I am not sure where, but I saw an ad for Robus Tripods and at the time thought they looked like a good fit for my shooting style. I didn’t think much of it until it was time to upgrade my tripod legs. I did a bit more research and didn’t find them on any social media sites. Instagram only has a few #Robustripod tags so I decided to reach out to the company and see about the possibility of working together. I did not need their biggest, most expensive tripod. Just something that worked great and and fit my needs. I ended up getting the Robus RC Vantage Series 3 5558
When I think about tripods, I think about how they will work at night. Generally, when shooting sunrise, sunset or during the day the exposures are not that long and therefore it’s not as crucial to have a really solid tripod as it is to have one at night. Often times our exposures are anywhere from 10 seconds to an hour or more. This really gives a lot of time for things to happen. Wind is a big issue with night photography and needs to be taken into consideration when shooting the night sky. If you’re shooting and winds are gusting it’s pretty natural for you to want to grab your tripod and hold it down. This works well if you are already holding it before the exposure starts and you hold it all the way through the shot. If you feel wind and grab your tripod during the exposure there is a good chance that your image wont be as sharp as you like. After having shot in the wind quite a bit over the last week I have realized that this tripod works pretty well even in gusty winds. That makes me a pretty happy camper.
When stability is key so that your images are as sharp as possible you want to keep your camera as close to the tripod base as possible. This means you don’t want your center column extended very far if at all. I recommend purchasing a tripod that has a short column or no column at all. The Robus does not have a center column but can be purchased separately if you really want one. I, personally, like the fact that my camera is extra solid on the tripod because I don’t have a center column. When choosing a tripod size be sure to not use the center column height to help you determine if the tripod is right for you. I would suggesting going off the base height and then figure in the ballhead height and the distance from the base of your camera to the eyepiece.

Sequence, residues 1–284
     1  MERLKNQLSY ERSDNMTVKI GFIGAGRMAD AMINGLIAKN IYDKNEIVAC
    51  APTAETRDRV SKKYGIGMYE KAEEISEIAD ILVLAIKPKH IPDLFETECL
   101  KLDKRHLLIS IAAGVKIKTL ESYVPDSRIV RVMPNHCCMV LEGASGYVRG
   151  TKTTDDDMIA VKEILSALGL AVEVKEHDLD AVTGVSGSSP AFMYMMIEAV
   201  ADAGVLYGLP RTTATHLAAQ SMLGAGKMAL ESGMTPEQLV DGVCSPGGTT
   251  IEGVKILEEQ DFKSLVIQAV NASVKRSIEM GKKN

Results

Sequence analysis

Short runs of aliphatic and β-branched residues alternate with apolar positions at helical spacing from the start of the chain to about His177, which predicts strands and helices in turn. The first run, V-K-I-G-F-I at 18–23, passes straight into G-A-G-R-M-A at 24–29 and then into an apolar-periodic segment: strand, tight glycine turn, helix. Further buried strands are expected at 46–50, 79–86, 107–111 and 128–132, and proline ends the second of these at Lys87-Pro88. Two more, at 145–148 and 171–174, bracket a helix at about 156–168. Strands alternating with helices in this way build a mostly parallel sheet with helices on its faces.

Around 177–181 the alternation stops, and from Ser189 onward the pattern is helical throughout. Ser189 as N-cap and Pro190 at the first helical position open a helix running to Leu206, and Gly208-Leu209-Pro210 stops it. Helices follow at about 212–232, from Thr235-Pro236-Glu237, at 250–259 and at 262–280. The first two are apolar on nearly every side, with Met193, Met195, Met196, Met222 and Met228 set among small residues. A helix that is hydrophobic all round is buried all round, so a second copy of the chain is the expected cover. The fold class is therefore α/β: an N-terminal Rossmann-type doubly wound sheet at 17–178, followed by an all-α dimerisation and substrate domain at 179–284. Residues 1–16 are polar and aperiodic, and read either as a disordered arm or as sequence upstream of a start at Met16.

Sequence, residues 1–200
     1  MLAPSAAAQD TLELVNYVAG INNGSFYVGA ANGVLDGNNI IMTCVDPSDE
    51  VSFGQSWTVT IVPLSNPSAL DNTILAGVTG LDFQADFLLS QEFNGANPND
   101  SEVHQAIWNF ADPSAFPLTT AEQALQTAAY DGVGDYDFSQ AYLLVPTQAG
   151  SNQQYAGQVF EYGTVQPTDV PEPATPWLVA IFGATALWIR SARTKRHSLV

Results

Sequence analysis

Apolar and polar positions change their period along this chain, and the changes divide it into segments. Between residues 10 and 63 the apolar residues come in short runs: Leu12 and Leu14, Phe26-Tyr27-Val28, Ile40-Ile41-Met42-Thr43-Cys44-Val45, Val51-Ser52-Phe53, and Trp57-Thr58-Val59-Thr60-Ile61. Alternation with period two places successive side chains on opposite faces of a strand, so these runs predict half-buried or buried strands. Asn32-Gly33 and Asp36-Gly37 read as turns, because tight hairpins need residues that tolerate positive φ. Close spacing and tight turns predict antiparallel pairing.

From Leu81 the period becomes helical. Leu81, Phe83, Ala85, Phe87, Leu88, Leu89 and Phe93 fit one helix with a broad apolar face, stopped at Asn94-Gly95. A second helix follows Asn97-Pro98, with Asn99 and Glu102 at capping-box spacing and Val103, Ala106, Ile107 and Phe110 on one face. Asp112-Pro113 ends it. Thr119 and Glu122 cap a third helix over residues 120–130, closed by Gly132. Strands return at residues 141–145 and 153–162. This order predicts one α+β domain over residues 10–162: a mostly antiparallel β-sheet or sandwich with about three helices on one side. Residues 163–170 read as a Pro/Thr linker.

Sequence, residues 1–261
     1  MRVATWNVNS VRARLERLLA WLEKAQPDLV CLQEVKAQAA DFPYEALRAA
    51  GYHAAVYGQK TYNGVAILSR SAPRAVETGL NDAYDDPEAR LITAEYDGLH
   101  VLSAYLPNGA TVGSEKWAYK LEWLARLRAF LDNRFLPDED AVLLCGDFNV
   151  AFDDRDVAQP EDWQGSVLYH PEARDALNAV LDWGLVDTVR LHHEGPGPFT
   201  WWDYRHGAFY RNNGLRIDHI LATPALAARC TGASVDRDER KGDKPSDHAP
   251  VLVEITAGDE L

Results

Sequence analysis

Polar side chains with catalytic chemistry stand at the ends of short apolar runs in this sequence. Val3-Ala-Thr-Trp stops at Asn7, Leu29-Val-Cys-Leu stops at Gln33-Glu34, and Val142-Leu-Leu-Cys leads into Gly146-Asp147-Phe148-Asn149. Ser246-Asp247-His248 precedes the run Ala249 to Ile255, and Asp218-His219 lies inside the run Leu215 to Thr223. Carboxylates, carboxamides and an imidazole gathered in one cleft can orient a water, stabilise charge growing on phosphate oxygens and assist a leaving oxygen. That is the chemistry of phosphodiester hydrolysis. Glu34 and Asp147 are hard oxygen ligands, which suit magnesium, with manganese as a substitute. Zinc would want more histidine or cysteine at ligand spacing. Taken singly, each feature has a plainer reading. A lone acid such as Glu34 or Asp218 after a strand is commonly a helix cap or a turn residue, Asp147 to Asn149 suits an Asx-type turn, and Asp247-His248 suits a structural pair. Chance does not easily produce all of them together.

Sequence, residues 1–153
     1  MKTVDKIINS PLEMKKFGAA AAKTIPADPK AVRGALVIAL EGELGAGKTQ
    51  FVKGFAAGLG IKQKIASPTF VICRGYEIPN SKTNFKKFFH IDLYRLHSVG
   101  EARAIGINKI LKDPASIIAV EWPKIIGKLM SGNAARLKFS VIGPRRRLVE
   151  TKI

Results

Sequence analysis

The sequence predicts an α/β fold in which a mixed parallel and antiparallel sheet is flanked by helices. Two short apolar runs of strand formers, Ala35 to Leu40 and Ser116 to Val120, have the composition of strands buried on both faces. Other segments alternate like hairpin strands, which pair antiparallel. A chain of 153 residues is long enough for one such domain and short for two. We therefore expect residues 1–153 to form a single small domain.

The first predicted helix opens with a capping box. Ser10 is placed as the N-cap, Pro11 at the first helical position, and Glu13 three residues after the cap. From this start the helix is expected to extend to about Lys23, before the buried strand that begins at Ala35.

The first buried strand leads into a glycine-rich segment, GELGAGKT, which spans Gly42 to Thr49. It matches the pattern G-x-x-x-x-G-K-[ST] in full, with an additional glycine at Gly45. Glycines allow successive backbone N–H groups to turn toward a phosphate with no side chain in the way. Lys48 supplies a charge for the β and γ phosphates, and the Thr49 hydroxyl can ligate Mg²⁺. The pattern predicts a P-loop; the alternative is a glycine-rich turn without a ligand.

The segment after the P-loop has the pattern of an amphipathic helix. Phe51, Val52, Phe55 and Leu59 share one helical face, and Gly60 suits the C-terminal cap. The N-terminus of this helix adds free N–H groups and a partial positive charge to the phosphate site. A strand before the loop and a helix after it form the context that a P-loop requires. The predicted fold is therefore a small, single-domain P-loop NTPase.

Design and functionality are also important. You don’t want to be out in the dark fiddling around with your tripod while your friends are all shooting already. You want to keep things simple and easy to use. I love the design of the legs and how they extend out to get the camera even more solid. You simply pull the silver lock out and then you can move the legs freely to the desired width. I also love the twist locks for the leg extensions. In the past I have owned tripods that that had clamp locks and I found they jammed too easy and were a pain to clean. The twist locks make for simple extension and retraction in just a second or 2.
I like and sometimes need to get my tripod into odd positions to get a shot. This is where I really like Robus’ decision to make this tripod without a center column as well as make the legs go out almost flat. For both landscapes and nightscapes this is a real benefit.